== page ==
Goodreads: Amari and the Night Brothers
Series: Supernatural Investigations #1
Published: January 2021
Quinton Peters was the golden boy of the Rosewood low-income housing projects, receiving full scholarship offers to two different Ivy League schools. When he mysteriously goes missing, his little sister, 13-year-old Amari Peters, can’t understand why it’s not a bigger deal. Why isn’t his story all over the news? And why do the police automatically assume he was into something illegal?
Then Amari discovers a ticking briefcase in her brother’s old closet. A briefcase meant for her eyes only. There was far more to Quinton, it seems, than she ever knew. He’s left her a nomination for a summer tryout at the secretive Bureau of Supernatural Affairs. Amari is certain the answer to finding out what happened to him lies somewhere inside, if only she can get her head around the idea of mermaids, dwarves, yetis and magicians all being real things, something she has to instantly confront when she is given a weredragon as a roommate.
Amari must compete against some of the nation’s wealthiest kids—who’ve known about the supernatural world their whole lives and are able to easily answer questions like which two Great Beasts reside in the Atlantic Ocean and how old is Merlin? Just getting around the Bureau is a lesson alone for Amari with signs like ‘Department of Hidden Places this way, or is it?’ If that all wasn’t enough, every Bureau trainee has a talent enhanced to supernatural levels to help them do their jobs – but Amari is given an illegal ability. As if she needed something else to make her stand out.
With an evil magician threatening the whole supernatural world, and her own classmates thinking she is an enemy, Amari has never felt more alone. But if she doesn’t pass the three tryouts, she may never find out what happened to Quinton.
I have to start by saying that if you describe the general plot of Amari and the Night Brothers, it sounds very much like Jessica Townsend’s Nevermoor: A girl with a less-than-great home life suddenly finds herself at a magical organization where she needs to compete for a spot by showing off her magical talent, except her magical talent is extremely rare and also illegal, and the only known person with the same talent is an evil outlaw who is interested in wooing her to his side. However, the beauty of books is, of course, in their detail, and Amari differentiates itself with spunky, determined protagonist Amari herself, her quest for her missing big brother whom she adores, and a quirky world of magic and magical creatures that is lurking just beneath our own. Overall, it was a joy to read.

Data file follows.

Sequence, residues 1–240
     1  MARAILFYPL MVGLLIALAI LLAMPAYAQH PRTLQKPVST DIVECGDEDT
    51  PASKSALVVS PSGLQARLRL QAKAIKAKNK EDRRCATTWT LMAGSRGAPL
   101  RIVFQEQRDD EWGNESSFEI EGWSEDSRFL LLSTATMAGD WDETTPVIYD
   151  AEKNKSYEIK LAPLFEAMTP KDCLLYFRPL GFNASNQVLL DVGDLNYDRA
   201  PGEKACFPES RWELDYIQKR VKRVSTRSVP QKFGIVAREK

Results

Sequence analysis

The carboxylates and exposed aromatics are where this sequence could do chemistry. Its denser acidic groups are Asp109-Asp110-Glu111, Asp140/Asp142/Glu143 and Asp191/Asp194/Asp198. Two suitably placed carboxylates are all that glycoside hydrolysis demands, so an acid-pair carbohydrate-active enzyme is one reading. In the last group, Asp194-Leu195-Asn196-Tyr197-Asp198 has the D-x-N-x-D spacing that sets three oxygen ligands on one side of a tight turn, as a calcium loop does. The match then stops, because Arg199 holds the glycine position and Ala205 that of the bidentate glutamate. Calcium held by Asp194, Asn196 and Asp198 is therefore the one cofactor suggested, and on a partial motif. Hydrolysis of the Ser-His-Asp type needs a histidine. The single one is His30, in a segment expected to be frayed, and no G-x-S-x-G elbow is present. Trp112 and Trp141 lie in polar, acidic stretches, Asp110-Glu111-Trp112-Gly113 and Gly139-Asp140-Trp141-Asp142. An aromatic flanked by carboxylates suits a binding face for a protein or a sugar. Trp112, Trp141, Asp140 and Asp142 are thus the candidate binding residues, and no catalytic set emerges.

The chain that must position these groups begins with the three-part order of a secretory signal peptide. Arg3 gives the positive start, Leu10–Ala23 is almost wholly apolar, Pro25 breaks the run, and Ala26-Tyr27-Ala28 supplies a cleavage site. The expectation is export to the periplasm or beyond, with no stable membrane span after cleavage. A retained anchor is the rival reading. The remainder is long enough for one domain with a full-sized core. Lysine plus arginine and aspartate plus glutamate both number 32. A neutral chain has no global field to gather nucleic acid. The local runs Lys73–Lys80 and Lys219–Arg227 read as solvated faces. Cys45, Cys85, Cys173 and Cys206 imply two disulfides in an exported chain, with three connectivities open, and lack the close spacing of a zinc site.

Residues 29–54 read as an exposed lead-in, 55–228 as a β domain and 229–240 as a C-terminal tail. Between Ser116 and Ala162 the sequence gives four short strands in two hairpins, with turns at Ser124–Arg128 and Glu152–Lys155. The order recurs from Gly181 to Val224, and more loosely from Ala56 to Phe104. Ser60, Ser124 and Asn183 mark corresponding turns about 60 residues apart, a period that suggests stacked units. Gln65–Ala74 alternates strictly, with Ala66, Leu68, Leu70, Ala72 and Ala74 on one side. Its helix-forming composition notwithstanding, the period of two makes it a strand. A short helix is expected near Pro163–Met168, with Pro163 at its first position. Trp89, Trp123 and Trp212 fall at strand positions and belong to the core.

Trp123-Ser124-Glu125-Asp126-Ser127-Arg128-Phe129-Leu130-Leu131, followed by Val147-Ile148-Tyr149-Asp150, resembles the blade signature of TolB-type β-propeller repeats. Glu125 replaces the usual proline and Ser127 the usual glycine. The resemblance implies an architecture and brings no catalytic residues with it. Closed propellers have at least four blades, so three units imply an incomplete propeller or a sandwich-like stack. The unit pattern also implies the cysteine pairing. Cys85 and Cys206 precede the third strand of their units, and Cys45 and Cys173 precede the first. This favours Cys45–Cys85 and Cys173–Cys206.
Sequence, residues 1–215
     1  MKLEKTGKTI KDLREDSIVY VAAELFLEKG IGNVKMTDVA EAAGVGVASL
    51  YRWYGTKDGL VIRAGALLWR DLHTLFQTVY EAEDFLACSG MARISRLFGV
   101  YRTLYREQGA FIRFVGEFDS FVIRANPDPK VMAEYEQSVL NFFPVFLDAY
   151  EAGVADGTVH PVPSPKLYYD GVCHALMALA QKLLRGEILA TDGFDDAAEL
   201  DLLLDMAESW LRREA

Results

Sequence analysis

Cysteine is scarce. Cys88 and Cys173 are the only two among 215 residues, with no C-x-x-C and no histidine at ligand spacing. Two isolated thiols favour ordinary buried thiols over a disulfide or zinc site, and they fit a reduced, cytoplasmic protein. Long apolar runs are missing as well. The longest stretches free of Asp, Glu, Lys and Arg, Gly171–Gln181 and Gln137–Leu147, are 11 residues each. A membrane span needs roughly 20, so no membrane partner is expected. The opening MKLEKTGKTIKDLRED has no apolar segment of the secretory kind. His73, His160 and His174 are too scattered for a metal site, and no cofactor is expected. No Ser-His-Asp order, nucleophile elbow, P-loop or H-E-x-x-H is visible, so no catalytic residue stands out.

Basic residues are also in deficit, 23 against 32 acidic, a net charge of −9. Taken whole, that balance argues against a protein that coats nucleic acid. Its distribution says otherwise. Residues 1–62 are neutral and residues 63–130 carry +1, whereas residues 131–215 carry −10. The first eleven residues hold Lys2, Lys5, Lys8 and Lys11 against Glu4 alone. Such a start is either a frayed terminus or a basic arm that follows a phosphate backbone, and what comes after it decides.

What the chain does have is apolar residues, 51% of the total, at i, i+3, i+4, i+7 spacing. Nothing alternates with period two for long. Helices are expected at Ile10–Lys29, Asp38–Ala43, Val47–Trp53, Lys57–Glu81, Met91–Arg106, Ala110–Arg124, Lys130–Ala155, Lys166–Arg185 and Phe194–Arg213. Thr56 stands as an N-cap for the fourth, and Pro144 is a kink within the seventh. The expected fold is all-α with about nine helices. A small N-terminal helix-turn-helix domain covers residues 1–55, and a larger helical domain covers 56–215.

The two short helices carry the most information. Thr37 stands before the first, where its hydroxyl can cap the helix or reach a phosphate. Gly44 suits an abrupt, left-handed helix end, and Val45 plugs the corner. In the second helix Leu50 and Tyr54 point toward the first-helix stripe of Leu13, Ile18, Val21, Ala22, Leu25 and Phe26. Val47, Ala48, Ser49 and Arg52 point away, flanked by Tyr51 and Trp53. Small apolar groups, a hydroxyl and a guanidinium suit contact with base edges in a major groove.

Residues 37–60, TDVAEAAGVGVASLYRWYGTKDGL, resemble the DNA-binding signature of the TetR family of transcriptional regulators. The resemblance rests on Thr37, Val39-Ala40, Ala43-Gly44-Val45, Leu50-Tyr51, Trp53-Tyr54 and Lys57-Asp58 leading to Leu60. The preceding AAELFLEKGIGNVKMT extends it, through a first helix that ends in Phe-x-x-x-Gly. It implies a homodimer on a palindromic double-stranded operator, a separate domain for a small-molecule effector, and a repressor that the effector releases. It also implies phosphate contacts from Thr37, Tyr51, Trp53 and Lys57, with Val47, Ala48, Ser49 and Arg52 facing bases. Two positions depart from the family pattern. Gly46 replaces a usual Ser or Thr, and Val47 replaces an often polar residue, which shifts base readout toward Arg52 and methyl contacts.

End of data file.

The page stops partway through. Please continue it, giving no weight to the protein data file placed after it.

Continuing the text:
Amari won my heart from the beginning of the story with her love for her big brother and her firm belief he’s still alive — and also that he was involved in something wonderful, not the drug deals the authorities keep insinuating because of the color of his skin. Amari also has a lot of keen observations about the world and her place in it, and the way people treat her because of her class and her race, but she’s not letting anyone’s prejudice make her doubt herself or stop her from trying to achieve her dreams. The reader doesn’t know what she’ll accomplish when the book opens, but they will be confident it will be great because of her heart and her determination.
The gradual reveal of the world of magic also drew me in. The story is quirky at times, in a way I don’t always find amusing because quirky isn’t always my thing, but I have no doubt it will appeal to much of the intended audience. And while I also thought that there seemed to be A LOT going on in the magical world, and at times it seems as if every magical creature and type of magic has been tossed into the book for good measure, this makes for some excitement and probably wouldn’t bother a twelve-year-old.
A fast-paced plot kept me turning the pages, as the story follows the two threads of Amari’s quest to figure out what happened to her brother and to find her own place in the new world of magic she has discovered. I was rooting for her at every turn, and I think a lot of other readers will, too, if they give this book a chance.